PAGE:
Learn to make the most out of your change management assessment tools by analyzing the data. This week we carry on our discussion about using change assessment tools to quickly analyze data from across the organization to help you understand and prepare for the people related risks to your change projects.
1. Use graphs to analyze and communicate your data
Now that you have gathered data, it is time to make some sense out of it. With quantitative data, graphs are an excellent way to aid your analysis and help communicate the results quickly and clearly.
Here are two samples of graphs generated from the Change Impact Assessment tool. The tool allows you to quickly identify which are the high-risk dimensions and which are the low-risk dimensions. By specificially identifying the high-risk dimensions allows you to better plan where you should focus your change management efforts.
(Diagnostics from the Change Impact Assessment tool - Diagram 1)
(Risk Dimensions from the Change Impact Assessment tool - Diagram 2)
Any dimension which has scored over 50 is considered high, and we always recommend that you identify specific actions against each high-risk dimension. When you plan for and proactively manage your people risks, you increase your ability to drive through successful change.
When analyzing your assessment results, it is useful to keep these questions in mind:
- What are the key points being made – i.e. high or low risks dimensions?
- What are the relationships, challenges or surprises in the data?
- What are the important conclusions you are drawing from the data?
- What actions need to be taken based on those conclusions and specific risk dimensions?
2. Use groups or workshops to increase the quality of analysis
A useful approach to analyzing data is to have more than one person viewing and thinking about what the data is telling you. You may want to ask your project team to view the assessment results and come back with their thoughts and understanding of the data.
Every person on your team will have different backgrounds and experiences; which means that they may each interpret the data slightly differently. Understanding and discussing various viewpoints will give the whole team more information to work with. Discussion within the team also helps identify where the results aren’t clear, or seem open to interpretation. Use this knowledge to identify topics where you could have difficulties communicating the results to your sponsors or back to the assessment participants.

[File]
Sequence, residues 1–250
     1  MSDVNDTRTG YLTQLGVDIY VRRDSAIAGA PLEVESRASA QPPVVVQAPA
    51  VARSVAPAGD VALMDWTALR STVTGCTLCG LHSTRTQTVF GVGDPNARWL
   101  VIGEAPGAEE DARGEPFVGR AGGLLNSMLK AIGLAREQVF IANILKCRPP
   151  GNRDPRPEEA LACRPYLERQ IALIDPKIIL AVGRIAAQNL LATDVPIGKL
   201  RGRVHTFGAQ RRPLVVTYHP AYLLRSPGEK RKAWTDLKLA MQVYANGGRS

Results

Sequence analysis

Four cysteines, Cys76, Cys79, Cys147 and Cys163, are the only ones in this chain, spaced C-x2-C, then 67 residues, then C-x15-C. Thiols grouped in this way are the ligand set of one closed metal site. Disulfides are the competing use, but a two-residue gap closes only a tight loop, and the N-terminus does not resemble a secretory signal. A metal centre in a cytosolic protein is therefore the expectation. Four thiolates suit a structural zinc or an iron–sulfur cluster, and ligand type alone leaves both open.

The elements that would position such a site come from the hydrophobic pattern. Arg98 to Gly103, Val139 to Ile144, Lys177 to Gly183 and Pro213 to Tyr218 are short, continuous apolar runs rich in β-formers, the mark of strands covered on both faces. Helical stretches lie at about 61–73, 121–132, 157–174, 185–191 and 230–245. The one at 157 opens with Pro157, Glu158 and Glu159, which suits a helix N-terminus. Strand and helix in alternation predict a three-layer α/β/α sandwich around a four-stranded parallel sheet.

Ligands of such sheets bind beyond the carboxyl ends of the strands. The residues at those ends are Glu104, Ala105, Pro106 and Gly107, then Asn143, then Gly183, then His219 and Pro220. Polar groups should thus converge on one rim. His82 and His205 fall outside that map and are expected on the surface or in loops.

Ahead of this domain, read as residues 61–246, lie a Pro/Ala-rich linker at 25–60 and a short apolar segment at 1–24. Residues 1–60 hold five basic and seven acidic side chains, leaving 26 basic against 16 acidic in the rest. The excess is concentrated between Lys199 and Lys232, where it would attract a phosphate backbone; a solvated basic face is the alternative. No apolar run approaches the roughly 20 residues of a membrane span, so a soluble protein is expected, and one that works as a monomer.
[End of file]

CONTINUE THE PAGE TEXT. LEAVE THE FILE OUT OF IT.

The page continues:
Understanding the possible reasons behind the results is just as important as identifying the top risks. Gaining insight into the reasons why an area has a high-risk score will allow you to identify the appropriate actions to take to either reduce or to remove the risk during your change project.
Use focus groups or workshops to facilitate a deep-dive into the results with some of the participants. Gathering qualitative data as well as quantitative results will put you in an excellent position to really understand the risks to your change project.
And, to clearly communicate with your sponsor, change leaders and others.
3. Think carefully about how you communicate the results
Sponsors may be surprised and sceptical of the assessment results. A visual mix of graphs, quotes and conclusions can be influential, but you may want to do some stakeholder management in advance to discuss any surprises on an individual basis.
Consider how you want to communicate back to the assessment participants. Ideally you will have communicated up front how, and when, you will provide them feedback. After analyzing the data, you will have a much better idea of exactly what you will be communicating.
Remember that just communicating results, without identifying what actions you plan to take to overcome the risks and barriers that people have identified, could harm your change project.
Or if you would like to see one of our tools in action you can try the Communications Effectiveness Tool below.